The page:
In years when the retirement rate is spiking, women have just held their own as a percentage of c.e.o.’s, with nine women leaving c.e.o. positions and 11 women coming in. If this hiring pattern persists, it will be a long time before women hold 30 percent of the top station jobs.
Moreover, during the past three years, the system has lost two of the three women at the head of primary stations in the top 10 markets. After the remaining woman manager, Sharon Rockefeller at WETA, you have to work your way down to market No. 32 to find the next female g.m. in a primary station.
Women c.e.o.’s have been concentrated at state networks. Nine had women in their top jobs in 2000, but with the departures of managers in Kentucky and North Dakota, the number could fall to seven.
Waiting in the wings
Are there indications of a brighter picture among emerging station leaders? I looked at the most recent federal tax Form 990s filed by the primary stations in the top 25 markets. Data were available from 21 organizations. Part V of the form requires stations to report their key employees, defined by the IRS as “any person having responsibilities or powers similar to those of officers, directors, or trustees. The term includes the chief management and administrative officials of an organization . . .”
The 21 stations reported 42 male and 30 female key employees, excluding the chief executives. Granted, this doesn’t qualify as a definitive study of the entire system, and the data aren’t as current as one would like. However, you might hazard the opinion that there is a healthy pool of female c.e.o. candidates, assuming that all career paths lead equally well to the top spot.
So, what positions did the 16 g.m.’s promoted to their new roles during 2001-2 hold beforehand? More than half were promoted from corporate management positions, including chief operating officer, chief financial officer and station manager:
How does that compare with the “key employees” reported by the 21 major-market stations mentioned above?
If the future is like the recent past, most emerging leaders will be promoted to c.e.o. from the second-tier positions of c.o.o., c.f.o. and station manager. And, if the distribution of key employees of stations in the top 25 markets is reflective of the rest of the system, as shown in the table above, it is reasonable to conclude that the c.o.o./c.f.o./station manager bench is heavily populated by men. That’s a lot of “ifs,” but assuming each of them holds true, our future will look much like our past.
Why is this happening? How did we miss the opportunity presented by the departure of 23 g.m.’s over the past two years? Clearly, we, as a system, have not yet made development of the next generation of leaders a priority. When hiring authorities lack commitment to a larger goal and access to a diverse and visible pool of qualified candidates, this outcome is stunningly predictable.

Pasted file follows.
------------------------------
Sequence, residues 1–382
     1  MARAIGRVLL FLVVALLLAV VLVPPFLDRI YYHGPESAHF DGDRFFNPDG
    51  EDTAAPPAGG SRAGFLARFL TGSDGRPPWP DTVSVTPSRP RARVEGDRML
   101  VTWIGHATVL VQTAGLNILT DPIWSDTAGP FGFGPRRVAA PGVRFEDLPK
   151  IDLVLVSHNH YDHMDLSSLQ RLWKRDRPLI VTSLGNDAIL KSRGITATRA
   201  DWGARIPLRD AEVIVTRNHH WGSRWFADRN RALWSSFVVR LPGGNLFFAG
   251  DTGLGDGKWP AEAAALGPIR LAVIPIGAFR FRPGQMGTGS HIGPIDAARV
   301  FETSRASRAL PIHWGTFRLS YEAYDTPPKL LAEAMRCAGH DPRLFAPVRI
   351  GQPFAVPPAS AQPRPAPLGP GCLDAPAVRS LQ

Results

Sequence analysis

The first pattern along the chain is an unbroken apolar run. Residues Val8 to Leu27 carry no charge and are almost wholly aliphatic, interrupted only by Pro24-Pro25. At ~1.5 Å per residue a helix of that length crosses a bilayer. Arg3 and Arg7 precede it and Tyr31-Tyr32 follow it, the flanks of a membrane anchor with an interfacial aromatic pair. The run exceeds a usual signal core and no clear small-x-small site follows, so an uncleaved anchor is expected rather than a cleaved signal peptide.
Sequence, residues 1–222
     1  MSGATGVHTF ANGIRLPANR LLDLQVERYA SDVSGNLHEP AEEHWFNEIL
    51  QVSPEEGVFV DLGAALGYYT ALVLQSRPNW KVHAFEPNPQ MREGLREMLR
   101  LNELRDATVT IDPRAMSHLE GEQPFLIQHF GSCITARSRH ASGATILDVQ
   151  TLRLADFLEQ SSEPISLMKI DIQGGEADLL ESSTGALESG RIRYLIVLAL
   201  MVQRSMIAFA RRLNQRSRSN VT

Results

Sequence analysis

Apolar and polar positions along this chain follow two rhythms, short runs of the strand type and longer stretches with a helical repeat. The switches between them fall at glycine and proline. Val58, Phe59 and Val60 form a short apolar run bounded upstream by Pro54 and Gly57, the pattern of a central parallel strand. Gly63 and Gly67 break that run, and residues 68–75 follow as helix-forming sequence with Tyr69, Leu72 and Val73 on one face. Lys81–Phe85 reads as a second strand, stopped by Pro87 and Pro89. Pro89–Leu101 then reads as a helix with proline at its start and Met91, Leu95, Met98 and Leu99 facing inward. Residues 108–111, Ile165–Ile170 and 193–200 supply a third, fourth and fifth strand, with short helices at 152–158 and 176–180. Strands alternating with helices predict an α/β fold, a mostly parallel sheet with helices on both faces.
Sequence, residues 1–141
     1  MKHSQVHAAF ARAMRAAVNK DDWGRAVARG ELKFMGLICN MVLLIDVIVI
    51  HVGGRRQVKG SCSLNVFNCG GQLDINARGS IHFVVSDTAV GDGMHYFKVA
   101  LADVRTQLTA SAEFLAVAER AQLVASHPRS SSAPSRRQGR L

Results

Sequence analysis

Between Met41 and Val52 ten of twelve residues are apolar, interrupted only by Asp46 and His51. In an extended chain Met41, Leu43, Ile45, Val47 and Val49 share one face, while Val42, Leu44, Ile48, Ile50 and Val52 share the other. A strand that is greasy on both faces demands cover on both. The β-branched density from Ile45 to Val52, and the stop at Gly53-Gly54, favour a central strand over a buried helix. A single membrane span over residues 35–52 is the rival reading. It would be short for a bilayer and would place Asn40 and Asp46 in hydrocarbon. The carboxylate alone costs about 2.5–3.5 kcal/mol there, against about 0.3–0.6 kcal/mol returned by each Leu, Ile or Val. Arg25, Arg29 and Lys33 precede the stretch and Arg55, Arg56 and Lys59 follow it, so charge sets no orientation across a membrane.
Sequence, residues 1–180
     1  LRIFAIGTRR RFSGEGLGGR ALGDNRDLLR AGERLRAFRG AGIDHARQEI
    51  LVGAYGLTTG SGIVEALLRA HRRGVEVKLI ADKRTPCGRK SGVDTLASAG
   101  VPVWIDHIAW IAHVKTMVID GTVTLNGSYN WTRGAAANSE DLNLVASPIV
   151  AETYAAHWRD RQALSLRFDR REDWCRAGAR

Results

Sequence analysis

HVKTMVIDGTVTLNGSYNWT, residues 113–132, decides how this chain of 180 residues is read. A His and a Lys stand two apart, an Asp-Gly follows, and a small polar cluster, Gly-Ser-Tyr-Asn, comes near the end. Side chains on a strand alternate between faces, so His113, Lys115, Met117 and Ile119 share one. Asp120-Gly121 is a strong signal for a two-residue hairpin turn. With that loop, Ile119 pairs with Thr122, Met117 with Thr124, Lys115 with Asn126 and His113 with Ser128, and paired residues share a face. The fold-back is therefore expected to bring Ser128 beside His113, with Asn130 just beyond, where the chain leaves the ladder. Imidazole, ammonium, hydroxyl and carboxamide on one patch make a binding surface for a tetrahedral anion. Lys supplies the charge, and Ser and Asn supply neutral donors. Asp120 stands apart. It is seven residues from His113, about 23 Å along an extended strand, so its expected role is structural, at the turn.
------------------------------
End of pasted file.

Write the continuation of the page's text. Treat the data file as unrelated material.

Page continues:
So what does this all boil down to?
- Women leaders have an important strategic role to play in the future success of public TV.
- To fulfill that role, the system needs a critical mass of women leaders to create balance in the system’s leadership, taking full advantages of the leadership contributions of men and women.
- As a generation of leaders continues to retire, we have a unique opportunity to advance more women into leadership roles.
The beauty of this situation is that we public broadcasters — and only we — have the power to turn this situation around. We don’t need a major research study or a Ford Foundation grant to do what needs to be done. Here are some ideas to start the conversation:
- Make the development of the next generation of leaders a systemwide priority and recognize those stations that excel in this important strategic activity.
- Create awareness across the system and particularly in boards of directors that the system needs to develop and promote women and people of color into leadership positions.
- Spread the practice of succession planning at stations.
- Present the g.m. position as a worthy and rewarding role to attract the best talent from throughout the system and elsewhere.
- Identify and eliminate the barriers to advancement.
- Present leadership development opportunities at all system meetings.
- Create and sustain leadership development programs.
A small but important beginning is an online survey I’ve posted, asking women in public TV and radio about their professional growth needs. If you’d like to participate in the survey, please click here.
Another resource available to stations is The Main Event, an annual leadership development teleconference that will take place April 10. Many public television people have found this an engaging event for staff and community members.
Most of these progressive steps require more resolve than resources. And that resolve must come from the current leadership of the industry — local and national, men and women. It’s simply a matter of making it a priority, not just for this budget cycle, but for the future of the system.
Cindy Browne is the president of Leader Evolution, LLC, based in White Bear Lake, Minn. She works with nonprofit organizations on projects involving partnering, change leadership and organizational renewal. Browne has more than 20 years of management experience in public broadcasting and volunteers her time in support of women’s leadership in the field.